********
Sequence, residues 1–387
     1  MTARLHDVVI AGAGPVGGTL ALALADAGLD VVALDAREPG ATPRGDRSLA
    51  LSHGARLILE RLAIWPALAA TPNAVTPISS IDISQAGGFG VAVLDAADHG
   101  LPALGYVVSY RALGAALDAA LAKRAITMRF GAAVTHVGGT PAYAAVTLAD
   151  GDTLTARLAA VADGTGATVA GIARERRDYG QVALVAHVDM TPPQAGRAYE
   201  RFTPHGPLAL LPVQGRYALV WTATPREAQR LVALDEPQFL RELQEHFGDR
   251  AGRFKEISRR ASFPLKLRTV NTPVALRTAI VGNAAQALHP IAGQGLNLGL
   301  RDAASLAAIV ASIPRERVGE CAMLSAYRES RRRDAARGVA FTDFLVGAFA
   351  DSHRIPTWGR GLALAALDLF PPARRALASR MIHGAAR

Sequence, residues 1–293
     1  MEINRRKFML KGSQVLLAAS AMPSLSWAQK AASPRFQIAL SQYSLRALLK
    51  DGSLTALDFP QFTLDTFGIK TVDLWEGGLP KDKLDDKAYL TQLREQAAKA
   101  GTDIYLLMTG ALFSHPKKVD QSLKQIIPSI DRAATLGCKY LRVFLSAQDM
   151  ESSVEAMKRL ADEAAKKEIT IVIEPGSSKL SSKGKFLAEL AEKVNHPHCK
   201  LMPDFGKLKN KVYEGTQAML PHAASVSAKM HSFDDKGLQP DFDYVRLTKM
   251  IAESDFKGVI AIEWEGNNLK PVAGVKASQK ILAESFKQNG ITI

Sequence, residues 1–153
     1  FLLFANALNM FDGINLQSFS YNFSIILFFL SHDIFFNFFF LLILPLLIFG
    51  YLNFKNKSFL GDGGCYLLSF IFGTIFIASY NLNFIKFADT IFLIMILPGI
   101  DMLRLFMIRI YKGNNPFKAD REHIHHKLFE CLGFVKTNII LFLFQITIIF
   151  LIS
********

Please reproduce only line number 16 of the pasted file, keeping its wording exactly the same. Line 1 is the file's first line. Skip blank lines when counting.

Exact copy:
   251  IAESDFKGVI AIEWEGNNLK PVAGVKASQK ILAESFKQNG ITI